Often WT systems employ the discrete wavelet transform, implemented on a digital signal processor. However, in ultra low-power applications such as biomedical implantable devices, it is not suitable to implement the WT by means of digital circuitry due to the relatively high power consumption associated with the required A/D converter. Low-power analog realization of the wavelet transform enables its application in vivo, e.g. in pacemakers, where the wavelet transform provides a means to extremely reliable cardiac signal detection.

In Ultra Low-Power Biomedical Signal Processing we present a novel method for implementing signal processing based on WT in an analog way. The methodology presented focuses on the development of ultra low-power analog integrated circuits that implement the required signal processing, taking into account the limitations imposed by an implantable device.


Contents:

1 Introduction. 1.1 Biomedical signal processing. 1.2 Biomedical applications of the wavelet transform. 1.3 Analog versus digital circuitry - a power consumption challenge for biomedical front-ends. 1.4 Objective and scope of this thesis. 1.5 Outline. 2 The Evolution of Pacemakers: An Electronics Perspective. 2.1 The Heart. 2.2 Cardiac Signals. 2.3 The history and development of cardiac pacing. 2.4 New Features in Modern Pacemakers. 2.5 Summary and Conclusions. 3 Wavelet versus Fourier analysis. 3.1 Introduction. 3.2 Fourier transform. 3.3 Windowing function. 3.4 Wavelet transform. 3.5 Signal Processing with Wavelet Transform. 3.6 Low-power analog wavelet filter design. 3.7 Conclusions. 4 Analog Wavelet filters: the need for approximation. 4.1 Introduction. 4.2 Complex First Order filters. 4.3 Pad´e Approximation in the Laplace domain. 4.4 L2 Approximation. 4.5 Other approaches for Wavelet bases approximation. 4.6 Discussion. 4.7 Conclusions. 5 Optimal State Space Descriptions. 5.1 State space description. 5.2 Dynamic Range. 5.3 Sparsity. 5.4 Sensitivity. 5.5 Conclusion. 6 Ultra Low-power Integrator Designs. 6.1 Gm-C filters. 6.2 Translinear (Log-domain) filters. 6.3 Class-A log-domain filter design examples. 6.4 Low-power Class-AB Sinh Integrators. 6.5 Discussion. 6.6 Conclusions. 7 Ultra Low-power Biomedical System Designs. 7.1 Dynamic Translinear Cardiac Sense Amplifier for Pacemakers. 7.2 QRS-complex wavelet detection using CFOS. 7.3 Wavelet filter designs. 7.4 Morlet Wavelet Filter. 7.5 Conclusions. 8 Conclusions and Future Research. 8.1 Future Research. A High-Performance Analog Delays. A.1 Bessel-Thomson approximation. A.2 Pad´e approximation. A.3 Comparison of Bessel-Thomson and Pad´e approximation delay filters. A.4 Gaussian Time-domain impulse-response method. B Model reduction - the BalancedTruncation method. C Switched-Capacitor Wavelet Filters. D Ultra-Wideband Circuit Designs. D.1 Impulse Generator for Pulse Position Modulator. D.2 A Delay Filter for an UWB Front-End. D.3 A FCC Compliant Pulse Generator for UWB Communications. Summary.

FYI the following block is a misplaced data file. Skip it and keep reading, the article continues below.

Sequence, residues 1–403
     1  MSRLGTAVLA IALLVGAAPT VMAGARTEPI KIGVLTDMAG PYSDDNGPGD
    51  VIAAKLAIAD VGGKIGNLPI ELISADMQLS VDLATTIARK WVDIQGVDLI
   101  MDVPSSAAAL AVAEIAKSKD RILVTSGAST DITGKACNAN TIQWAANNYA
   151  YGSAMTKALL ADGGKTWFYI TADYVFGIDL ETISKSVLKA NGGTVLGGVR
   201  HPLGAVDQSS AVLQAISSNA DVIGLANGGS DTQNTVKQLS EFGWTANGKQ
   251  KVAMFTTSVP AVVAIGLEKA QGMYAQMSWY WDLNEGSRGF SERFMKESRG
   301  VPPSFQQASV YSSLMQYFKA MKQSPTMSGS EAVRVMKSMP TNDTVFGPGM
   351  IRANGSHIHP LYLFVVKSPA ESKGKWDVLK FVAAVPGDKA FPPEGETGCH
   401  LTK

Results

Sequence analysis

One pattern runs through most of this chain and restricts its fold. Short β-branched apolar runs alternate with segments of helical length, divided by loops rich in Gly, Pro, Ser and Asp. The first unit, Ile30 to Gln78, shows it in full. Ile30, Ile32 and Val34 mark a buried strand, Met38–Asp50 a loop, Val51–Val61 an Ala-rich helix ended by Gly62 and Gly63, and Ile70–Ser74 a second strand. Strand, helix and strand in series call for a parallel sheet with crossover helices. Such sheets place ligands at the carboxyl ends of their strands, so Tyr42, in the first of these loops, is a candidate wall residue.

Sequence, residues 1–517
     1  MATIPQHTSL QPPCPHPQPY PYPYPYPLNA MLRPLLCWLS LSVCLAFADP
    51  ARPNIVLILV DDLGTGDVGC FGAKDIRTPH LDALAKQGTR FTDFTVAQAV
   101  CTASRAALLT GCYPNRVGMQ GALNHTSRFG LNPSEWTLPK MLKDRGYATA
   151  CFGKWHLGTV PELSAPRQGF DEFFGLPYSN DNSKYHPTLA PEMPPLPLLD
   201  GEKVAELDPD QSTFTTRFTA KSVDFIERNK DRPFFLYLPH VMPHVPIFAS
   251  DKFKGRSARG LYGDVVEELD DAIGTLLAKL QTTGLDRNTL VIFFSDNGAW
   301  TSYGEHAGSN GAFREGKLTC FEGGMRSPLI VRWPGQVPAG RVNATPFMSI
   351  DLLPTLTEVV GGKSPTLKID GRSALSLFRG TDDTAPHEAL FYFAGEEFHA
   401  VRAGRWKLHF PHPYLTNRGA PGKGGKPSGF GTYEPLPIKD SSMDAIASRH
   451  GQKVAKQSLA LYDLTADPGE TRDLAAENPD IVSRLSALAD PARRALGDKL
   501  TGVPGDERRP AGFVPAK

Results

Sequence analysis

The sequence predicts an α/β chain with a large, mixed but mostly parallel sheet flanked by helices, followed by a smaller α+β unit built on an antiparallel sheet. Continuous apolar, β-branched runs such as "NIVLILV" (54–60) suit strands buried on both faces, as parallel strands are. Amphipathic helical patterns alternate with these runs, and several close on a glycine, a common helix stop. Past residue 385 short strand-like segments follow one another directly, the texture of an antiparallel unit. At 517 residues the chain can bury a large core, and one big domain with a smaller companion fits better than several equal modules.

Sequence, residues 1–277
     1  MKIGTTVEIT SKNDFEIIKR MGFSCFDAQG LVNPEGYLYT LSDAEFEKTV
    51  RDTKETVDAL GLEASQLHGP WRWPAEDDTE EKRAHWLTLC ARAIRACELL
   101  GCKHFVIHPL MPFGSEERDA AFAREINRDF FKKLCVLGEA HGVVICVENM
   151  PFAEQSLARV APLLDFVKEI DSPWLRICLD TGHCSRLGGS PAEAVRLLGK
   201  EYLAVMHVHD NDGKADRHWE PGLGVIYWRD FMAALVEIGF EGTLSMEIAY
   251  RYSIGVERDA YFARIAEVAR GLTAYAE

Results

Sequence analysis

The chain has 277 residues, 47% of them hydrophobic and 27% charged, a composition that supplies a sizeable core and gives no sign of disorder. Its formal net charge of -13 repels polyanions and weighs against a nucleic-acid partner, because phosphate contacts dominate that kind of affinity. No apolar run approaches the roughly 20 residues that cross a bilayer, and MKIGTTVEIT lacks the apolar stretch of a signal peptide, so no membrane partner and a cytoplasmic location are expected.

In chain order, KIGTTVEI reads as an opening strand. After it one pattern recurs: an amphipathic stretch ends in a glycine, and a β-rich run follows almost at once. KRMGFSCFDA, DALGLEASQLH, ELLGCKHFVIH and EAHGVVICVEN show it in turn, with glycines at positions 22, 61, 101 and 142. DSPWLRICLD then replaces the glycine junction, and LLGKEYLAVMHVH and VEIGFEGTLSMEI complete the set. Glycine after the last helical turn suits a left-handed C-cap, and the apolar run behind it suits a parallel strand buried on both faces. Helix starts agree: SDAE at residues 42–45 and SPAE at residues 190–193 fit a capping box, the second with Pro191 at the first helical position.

PRODUCT DETAILS

ISBN-13: 9789048180615
Publisher: Springer (Springer Netherlands)
Publication date: October, 2010
Pages: 218
Weight: 355g
Availability: POD
Subcategories: Biomedical Engineering